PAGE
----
Bridgerton

Reviews often depend on expectations. If we consider Bridgerton, recently issued on Netflix, merely a Christmas show, a well packed fruit salad made of a bit of Gossip Girl, a bit of Pride and Prejudice, a pinch of Little Women and flavoured with some drops of Les Liaison Dangerous, I could even venture to say: “well, a tasty fruit salad”,  but if the show has the presumption of being defined a historical drama, well, Bridgerton is absolutely ridiculously disappointing. 

Bridgerton is based on the fortunate series of novels written by Julia Quinn and it is set in the early nineteenth century, that is Regency time, have you understood? Regency. That time which has become iconic thanks to Miss Austen’s  characters like Mr Darcy and his Elizabeth Bennet, Mr Knightley and Emma Woodhouse , Capt.  Wentworth and many others, remember? That time. In Quinn’s novels I think it was, actually, Queen Charlotte, George III’s wife, whom I had never had the chance to hear about before – my fault -,  to have captured the creative genius of Shonda Rhimes. Why? Because some historians swear that this queen had black blood running in her veins and an accurate analysis of her features in her portraits proved for many this hypothesis.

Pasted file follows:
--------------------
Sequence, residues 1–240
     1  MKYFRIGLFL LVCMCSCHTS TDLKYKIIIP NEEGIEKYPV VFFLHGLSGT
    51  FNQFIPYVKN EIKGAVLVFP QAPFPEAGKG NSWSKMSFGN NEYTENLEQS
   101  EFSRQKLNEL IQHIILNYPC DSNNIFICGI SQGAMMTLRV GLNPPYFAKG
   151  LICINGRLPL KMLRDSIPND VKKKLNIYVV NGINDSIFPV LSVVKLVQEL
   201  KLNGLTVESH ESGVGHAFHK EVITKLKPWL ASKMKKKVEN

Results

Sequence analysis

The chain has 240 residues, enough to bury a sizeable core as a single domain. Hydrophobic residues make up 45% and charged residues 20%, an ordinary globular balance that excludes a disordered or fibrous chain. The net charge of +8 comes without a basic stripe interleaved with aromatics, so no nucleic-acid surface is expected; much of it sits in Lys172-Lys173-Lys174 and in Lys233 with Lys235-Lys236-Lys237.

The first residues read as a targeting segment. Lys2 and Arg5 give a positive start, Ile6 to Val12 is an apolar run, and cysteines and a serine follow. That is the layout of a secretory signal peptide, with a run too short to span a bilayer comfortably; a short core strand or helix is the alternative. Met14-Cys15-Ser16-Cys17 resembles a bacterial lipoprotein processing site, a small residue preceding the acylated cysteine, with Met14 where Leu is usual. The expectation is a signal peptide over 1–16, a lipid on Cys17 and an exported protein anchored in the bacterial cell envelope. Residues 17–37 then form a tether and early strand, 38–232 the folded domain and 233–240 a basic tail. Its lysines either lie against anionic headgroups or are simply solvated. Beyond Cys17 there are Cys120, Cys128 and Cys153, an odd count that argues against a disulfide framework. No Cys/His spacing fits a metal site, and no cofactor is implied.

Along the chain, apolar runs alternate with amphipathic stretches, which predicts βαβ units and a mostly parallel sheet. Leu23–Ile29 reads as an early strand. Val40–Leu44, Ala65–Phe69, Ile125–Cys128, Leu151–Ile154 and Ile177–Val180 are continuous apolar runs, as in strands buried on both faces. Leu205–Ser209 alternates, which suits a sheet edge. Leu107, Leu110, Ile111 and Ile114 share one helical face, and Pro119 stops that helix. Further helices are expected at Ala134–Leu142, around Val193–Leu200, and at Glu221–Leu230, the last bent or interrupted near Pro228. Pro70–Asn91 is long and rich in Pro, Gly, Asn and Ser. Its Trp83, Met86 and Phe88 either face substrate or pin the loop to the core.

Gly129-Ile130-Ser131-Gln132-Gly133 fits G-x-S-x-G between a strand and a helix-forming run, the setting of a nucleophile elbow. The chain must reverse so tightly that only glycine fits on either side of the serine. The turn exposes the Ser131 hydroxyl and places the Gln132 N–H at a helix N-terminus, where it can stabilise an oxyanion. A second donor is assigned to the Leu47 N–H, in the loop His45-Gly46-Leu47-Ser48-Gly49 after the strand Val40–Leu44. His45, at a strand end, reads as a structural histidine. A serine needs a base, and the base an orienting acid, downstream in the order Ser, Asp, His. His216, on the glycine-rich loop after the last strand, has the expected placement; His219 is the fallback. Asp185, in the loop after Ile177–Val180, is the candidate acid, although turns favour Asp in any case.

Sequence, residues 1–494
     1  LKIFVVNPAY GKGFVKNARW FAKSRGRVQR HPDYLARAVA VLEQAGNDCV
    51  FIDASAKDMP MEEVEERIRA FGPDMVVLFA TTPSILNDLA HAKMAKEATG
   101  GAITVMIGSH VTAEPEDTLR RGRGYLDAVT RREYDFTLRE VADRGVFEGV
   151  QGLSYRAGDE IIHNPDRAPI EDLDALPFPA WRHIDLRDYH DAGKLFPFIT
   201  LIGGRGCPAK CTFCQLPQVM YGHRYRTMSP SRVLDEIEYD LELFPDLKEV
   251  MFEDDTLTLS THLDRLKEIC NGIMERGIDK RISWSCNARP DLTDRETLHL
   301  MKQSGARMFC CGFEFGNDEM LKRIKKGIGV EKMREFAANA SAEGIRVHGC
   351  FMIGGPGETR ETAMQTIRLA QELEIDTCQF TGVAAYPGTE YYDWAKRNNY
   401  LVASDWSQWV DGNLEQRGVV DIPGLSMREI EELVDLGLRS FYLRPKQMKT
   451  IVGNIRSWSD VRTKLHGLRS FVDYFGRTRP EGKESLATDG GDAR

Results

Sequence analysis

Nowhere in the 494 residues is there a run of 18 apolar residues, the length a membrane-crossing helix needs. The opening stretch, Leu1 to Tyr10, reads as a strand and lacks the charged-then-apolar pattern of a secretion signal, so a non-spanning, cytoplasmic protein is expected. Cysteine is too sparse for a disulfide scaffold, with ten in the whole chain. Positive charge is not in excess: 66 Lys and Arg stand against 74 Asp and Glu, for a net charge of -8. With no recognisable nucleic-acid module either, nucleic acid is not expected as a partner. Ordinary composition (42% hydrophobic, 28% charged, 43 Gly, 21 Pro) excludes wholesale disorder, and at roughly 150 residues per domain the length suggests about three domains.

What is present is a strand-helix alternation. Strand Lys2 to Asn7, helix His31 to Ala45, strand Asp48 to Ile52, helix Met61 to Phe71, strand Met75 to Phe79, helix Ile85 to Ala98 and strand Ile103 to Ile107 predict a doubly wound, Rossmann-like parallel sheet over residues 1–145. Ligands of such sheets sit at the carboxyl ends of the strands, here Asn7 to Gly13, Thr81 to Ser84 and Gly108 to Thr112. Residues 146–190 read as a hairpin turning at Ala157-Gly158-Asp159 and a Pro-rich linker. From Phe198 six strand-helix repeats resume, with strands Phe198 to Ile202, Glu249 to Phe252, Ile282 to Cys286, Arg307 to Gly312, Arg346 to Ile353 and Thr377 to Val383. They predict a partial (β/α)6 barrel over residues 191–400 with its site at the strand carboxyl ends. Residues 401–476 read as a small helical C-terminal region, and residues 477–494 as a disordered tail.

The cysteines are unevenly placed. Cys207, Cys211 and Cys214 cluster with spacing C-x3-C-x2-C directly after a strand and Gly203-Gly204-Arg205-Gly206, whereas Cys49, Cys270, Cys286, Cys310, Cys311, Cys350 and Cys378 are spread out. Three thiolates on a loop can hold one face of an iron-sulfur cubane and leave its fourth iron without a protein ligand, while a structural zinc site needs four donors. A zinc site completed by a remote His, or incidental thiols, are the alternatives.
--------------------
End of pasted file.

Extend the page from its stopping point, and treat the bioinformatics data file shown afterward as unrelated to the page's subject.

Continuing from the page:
By the ways, that was enough for Shonda, to imagine and I want to repeat it, imagine, an interracial society where black and white enjoyed the same rights, indeed, the former held the dominant stations in that aristocrat society, in fact, besides the Queen there is the Duke, the central character of the story, an uncommon species of man in the likeness of one of the doctors of Shonda’s hit, Grey’s Anatomy, doctor Jackson Avery. Of course, such strong revision of Regency times, as nothing of the kind is even mentioned in Quinn’s book, as many other such choices, make the drama so fastidiously inaccurate, that I thought, it ought to be a reason, a message of some kind, that is why I watched the entire season: to find that reason, which eventually I did not find. What I found is a series of imprecisions I was mostly annoyed with.